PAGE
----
I’m keeping it all inside these days.
According to who I knew myself to be for the first 32 years of my life, this is a strange phenomenon. Not anymore, though.
So much is different about me now and I’m not sure how to feel other than…too tired to care most of the time. I see myself changing, not necessarily for the worse, and I can’t seem to find the sustained motivation to return to my former self.
Before Olivia peeked her big, sweet head into this world, I was adamant about staying true to myself despite my new title. I knew myself very, very well and believe me, that self-knowledge was hard won. No one was going to make me change!
What I didn’t anticipate were the natural changes that could occur without my explicit resistance- the shifts in my focus, my interests- even my values.
Now, don’t get me wrong. It’s not that I up and became a gun-toting, stay-at-home, republican, home-schooling, evangelical Christian-ist mommy blogger. These shifts were much, much more subtle. They took me by surprise at a time when I had very little fight left. And you know what? Maybe some of these changes aren’t necessarily working for me anymore. I get it. The adaptive nature of survival. What was once a useful tool can become irrelevant once we are past the really hard part. Also, maybe, the realization that this tool is no longer useful is actually the first glimmer of emergence into a better space.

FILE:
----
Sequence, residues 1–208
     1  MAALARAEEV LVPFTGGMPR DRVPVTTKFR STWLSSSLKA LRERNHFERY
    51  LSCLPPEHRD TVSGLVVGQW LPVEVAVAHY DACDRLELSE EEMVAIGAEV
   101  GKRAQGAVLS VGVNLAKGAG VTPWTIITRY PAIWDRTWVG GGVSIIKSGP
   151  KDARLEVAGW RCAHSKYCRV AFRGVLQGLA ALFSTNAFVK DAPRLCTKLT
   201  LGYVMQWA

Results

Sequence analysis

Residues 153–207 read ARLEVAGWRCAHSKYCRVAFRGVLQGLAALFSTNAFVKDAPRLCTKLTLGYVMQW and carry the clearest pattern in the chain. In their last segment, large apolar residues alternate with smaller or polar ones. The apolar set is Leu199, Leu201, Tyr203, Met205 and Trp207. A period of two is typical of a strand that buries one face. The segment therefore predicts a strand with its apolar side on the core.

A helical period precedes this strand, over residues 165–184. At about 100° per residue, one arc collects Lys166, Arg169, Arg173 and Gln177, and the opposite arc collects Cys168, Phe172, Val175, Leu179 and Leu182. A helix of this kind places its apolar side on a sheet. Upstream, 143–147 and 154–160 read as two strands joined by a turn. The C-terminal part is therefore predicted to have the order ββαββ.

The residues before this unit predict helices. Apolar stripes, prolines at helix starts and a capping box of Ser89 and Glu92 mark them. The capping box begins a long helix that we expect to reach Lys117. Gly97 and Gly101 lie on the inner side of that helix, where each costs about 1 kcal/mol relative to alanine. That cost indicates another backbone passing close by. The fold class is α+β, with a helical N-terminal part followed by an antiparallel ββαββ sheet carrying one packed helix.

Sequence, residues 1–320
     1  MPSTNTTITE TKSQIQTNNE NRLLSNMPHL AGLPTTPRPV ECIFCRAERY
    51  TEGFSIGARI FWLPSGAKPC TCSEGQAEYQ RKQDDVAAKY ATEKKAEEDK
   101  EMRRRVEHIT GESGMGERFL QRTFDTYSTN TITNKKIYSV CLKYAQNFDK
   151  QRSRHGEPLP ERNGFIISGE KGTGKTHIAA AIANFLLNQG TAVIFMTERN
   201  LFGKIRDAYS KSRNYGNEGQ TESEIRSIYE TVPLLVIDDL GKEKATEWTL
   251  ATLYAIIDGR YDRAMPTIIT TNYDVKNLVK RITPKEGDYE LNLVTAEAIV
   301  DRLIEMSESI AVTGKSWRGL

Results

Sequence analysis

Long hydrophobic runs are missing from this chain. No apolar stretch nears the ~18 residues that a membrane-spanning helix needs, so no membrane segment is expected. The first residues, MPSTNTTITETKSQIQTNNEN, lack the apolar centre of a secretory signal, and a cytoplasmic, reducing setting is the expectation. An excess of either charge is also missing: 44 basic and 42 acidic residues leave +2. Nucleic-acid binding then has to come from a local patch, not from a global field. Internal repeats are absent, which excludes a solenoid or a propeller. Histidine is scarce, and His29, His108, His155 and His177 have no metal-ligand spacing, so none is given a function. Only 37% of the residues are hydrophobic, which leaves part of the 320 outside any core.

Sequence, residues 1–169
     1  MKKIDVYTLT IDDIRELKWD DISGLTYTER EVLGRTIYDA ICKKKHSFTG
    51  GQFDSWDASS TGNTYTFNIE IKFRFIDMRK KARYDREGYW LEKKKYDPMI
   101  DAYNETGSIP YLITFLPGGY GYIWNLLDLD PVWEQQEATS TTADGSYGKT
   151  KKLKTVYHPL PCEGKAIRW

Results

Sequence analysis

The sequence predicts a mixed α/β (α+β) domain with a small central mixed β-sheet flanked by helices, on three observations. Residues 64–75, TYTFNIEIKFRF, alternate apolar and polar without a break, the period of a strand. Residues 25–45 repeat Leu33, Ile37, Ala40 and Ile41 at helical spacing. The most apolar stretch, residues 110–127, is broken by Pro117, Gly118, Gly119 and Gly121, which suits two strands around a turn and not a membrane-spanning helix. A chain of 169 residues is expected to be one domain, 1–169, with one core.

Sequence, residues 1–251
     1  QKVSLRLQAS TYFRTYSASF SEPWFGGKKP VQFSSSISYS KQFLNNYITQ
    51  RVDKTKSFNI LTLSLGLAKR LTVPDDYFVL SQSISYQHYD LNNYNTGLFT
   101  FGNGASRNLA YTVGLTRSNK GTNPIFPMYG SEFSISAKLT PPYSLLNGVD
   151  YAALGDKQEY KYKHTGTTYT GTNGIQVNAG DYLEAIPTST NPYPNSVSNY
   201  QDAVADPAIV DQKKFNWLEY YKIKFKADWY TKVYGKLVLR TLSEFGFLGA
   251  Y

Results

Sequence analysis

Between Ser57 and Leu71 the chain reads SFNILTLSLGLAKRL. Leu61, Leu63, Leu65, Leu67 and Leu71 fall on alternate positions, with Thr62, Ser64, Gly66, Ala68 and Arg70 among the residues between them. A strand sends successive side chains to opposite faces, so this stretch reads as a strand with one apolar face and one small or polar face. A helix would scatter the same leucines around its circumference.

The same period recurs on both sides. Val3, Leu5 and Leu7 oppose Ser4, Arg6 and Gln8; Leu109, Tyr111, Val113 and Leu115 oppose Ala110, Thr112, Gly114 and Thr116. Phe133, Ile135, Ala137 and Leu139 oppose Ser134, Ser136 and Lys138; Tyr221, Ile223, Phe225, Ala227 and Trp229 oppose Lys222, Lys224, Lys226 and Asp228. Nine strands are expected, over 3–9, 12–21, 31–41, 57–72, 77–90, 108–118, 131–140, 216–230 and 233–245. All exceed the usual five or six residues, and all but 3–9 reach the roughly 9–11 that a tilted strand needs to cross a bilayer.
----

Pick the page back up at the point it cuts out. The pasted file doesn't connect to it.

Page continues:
I want to write again, y’all. I want to care. I want to set up a schedule, wake up early with the birds, make coffee, take time to myself, get it all down and out.
Also, I don’t.
What I am sure of is this: This pulling inward, zipping my lips, pushing, pushing, pushing through, worked for 19 months. I guess I needed it. I still do. My dearest wife does not, however, and its begun to get in our way.
When I was 20, my boyfriend at the time (who was 27), told me that I was going to change drastically between 20 and 25 and then again between 25 and 30. Indeed, looking back, I’m virtually unrecognizable to myself. Implicit in this developmental view, though, was the assertion that upon reaching 30 I’d never again be so changed that I would find myself a mere shell after the transition.
Motherhood did that to me. And again this time it was all for the better.